Tim Spector — a Professor of Genetic Epidemiology and microbiome researcher — spent three days eating like a hunter-gatherer with the Hadza in Tanzania and dramatically changed the diversity of his gut microbiome. He wrote about his experience in a recent article for CNN, and we brought him on ReWild Yourself Podcast to share his story and explain the importance of gut diversity for robust health.
Tim is also the Founder and Director of the TwinsUK Registry at Kings College, London — the richest collection of genotypic and phenotypic information worldwide — and has recently been elected to the prestigious Fellowship of the Academy of Medical Sciences. He has published over 800 research articles and is ranked as being in the top 1% of the world’s most cited scientists by Thomson-Reuters. He held a prestigious European Research Council senior investigator award in epigenetics and is a NIHR Senior Investigator. His current work focuses on omics and the microbiome, and he directs the crowdfunded British Gut microbiome project. He is a prolific writer with several popular science books and a regular blog, focusing on genetics, epigenetics and most recently, microbiome and diet.
In this interview, Tim brings us up to speed on our current scientific understanding of the microbiome, what his research has uncovered and how we can apply this knowledge to our own diet and lifestyle to achieve a healthy microbiome. Ultimately, Tim has found that the key to a diverse and healthy gut is to ReWild yourself — eating a species-rich diet of foraged foods and interacting with the natural world (translation: exposure to plentiful and diverse microbes). Tune into our conversation for an in-depth review of the trillions of bacteria that inhabit your human animal, and learn how you can cultivate a healthy, robust community of beneficial gut bacteria.
- Show Introduction:
- SurThrival NEW product teaser + upcoming Rather Hunt Gather clothing
- Hunt + Gather updates: Feral apples, wild cranberries, butternut, bear hunting, chicken of the woods mushroom and offshore fishing on the Bunny Clark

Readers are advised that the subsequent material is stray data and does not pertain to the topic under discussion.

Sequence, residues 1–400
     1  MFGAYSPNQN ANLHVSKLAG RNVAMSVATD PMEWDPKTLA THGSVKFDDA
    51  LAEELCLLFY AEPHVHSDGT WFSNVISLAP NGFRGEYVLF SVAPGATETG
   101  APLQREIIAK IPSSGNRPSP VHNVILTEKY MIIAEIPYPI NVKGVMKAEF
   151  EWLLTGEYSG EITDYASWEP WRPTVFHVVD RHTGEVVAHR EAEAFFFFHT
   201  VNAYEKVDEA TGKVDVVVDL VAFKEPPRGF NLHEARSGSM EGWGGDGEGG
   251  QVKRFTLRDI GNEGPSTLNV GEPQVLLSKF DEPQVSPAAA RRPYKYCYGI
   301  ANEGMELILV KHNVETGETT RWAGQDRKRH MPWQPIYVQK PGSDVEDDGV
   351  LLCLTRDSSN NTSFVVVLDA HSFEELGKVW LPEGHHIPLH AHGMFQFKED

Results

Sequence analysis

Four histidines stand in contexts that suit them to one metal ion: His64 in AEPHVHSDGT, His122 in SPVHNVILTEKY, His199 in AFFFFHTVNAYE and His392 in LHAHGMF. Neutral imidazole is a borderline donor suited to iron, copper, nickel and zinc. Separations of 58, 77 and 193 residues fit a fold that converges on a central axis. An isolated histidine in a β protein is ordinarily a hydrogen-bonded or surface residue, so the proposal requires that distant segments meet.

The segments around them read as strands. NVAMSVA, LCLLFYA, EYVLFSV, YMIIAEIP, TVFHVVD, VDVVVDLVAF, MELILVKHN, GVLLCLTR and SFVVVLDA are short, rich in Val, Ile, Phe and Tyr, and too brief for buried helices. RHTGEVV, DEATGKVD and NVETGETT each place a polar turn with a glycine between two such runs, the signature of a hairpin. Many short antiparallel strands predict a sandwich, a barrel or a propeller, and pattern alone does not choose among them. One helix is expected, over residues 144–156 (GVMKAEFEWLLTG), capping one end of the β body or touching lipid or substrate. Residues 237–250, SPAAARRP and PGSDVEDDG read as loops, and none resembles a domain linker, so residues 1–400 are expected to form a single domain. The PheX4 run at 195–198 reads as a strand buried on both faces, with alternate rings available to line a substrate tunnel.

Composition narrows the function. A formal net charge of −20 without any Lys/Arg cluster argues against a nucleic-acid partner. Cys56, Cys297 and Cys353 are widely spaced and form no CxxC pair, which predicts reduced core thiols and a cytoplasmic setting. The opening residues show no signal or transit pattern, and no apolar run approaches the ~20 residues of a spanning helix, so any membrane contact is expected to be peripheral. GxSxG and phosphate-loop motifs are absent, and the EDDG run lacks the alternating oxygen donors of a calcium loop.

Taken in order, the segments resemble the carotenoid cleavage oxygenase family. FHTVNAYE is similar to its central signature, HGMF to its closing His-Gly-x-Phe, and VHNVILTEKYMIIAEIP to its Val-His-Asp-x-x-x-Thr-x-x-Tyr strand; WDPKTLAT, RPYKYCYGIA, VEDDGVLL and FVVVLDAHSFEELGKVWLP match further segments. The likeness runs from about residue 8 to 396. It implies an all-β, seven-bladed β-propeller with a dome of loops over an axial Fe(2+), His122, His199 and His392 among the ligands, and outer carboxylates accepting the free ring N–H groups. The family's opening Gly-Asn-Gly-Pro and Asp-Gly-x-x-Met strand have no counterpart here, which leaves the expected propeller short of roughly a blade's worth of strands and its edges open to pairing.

- Q&A: Barefoot boot recommendations
- Introducing Professor Tim Spector
- Defining omics
- Studying twins and epigenetics
- What led Tim to his study of diet
- Researching the healthiest diet
- The largest endocrine organ in the body: the microbiome
- Microbiome and metabolic individuality
- What is our current understanding of the microbiome?
- The effects of antibiotics on the microbiome
- Recounting Tim’s time spent living and eating with the Hadza
- Thoughts on the microbiome of the ReWilder
- General guidelines for a healthy microbiome
- Tim’s prognosis for the future of the human species
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ReWild Yourself Podcast is brought to you by:
RESOURCES FROM THIS SHOW:
- Vivobarefoot Men's Tracker
- Lems Shoes
- CNN article: What a hunter-gatherer diet does to the body in just three days
- Identically Different: Tim Spector at TEDxKingsCollegeLondon
- Study: A twin approach to unraveling epigenetics
- Fecal Microbiota Transplant
- Earth Microbiome Project
- Human Food Project
- American Gut Study
- British Gut Study
- Missing Microbes: How the Overuse of Antibiotics Is Fueling Our Modern Plagues by Martin J. Blaser MD
- Jeff Leach
- Rewild by Jeff Leach
- Articles on the microbiome by Jeff Leach:
- Trying the Hadza hunter-gatherer berry and porcupine diet
- Baobab, Adansonia
- Crested porcupine, Hystrix cristata
- Evolution of Diet - The Hadza of Tanzania
- Is The Secret To A Healthier Microbiome Hidden In The Hadza Diet?
- Catching Fire: How Cooking Made Us Human by Richard Wrangham
- How Gut Bacteria Help Make Us Fat and Thin
- Tim Spector's Top Ten List of Gut-friendly Foods
Tim Spector is a Professor of Genetic Epidemiology and Director of the TwinsUK Registry at Kings College, London and has recently been elected to the prestigious Fellowship of the Academy of Medical Sciences. He trained originally in rheumatology and epidemiology. In 1992 he moved into genetic epidemiology and founded the UK Twins Registry, of 13,000 twins, which is the richest collection of genotypic and phenotypic information worldwide. He is past President of the International Society of Twin Studies, directs the European Twin Registry Consortium (Discotwin) and collaborates with over 120 centres worldwide. He has demonstrated the genetic basis of a wide range of common complex traits, many previously thought to be mainly due to ageing and environment. Through genetic association studies (GWAS), his group have found over 500 novel gene loci in over 50 disease areas. He has published over 800 research articles and is ranked as being in the top 1% of the world’s most cited scientists by Thomson-Reuters. He held a prestigious European Research Council senior investigator award in epigenetics and is a NIHR Senior Investigator. His current work focuses on omics and the microbiome and directs the crowdfunded British Gut microbiome project. He is a prolific writer with several popular science books and a regular blog, focusing on genetics, epigenetics and most recently microbiome and diet (The Diet Myth). He is in demand as a public speaker and features regularly in the media.